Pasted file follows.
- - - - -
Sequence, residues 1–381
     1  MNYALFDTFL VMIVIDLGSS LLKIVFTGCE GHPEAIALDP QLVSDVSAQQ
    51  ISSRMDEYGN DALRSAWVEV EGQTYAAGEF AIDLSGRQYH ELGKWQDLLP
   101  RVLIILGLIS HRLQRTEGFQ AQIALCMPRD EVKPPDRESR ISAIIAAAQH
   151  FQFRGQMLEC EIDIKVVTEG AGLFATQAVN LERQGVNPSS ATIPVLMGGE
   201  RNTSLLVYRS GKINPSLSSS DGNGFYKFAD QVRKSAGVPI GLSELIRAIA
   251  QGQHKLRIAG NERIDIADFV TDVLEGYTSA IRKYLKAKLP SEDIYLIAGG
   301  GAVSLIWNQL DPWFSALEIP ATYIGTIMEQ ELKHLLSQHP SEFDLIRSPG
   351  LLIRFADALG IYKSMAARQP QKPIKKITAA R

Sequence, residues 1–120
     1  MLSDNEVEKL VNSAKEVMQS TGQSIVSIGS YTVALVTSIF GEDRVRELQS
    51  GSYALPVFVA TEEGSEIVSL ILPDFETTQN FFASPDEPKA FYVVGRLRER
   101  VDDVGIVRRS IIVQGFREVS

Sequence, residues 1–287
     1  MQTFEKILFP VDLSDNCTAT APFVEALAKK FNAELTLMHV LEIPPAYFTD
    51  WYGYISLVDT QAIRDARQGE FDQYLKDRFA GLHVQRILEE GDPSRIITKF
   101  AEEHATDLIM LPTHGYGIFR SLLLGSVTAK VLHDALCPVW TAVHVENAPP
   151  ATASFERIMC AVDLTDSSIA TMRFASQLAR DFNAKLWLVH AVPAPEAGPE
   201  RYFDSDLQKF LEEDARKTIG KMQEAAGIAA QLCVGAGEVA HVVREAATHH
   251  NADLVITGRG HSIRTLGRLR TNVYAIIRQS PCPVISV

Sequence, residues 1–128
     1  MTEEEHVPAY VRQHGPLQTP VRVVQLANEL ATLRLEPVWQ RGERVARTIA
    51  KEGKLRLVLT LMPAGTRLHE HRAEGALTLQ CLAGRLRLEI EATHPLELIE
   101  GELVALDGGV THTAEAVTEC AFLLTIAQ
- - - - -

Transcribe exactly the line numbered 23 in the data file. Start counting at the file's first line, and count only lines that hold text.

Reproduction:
    51  KEGKLRLVLT LMPAGTRLHE HRAEGALTLQ CLAGRLRLEI EATHPLELIE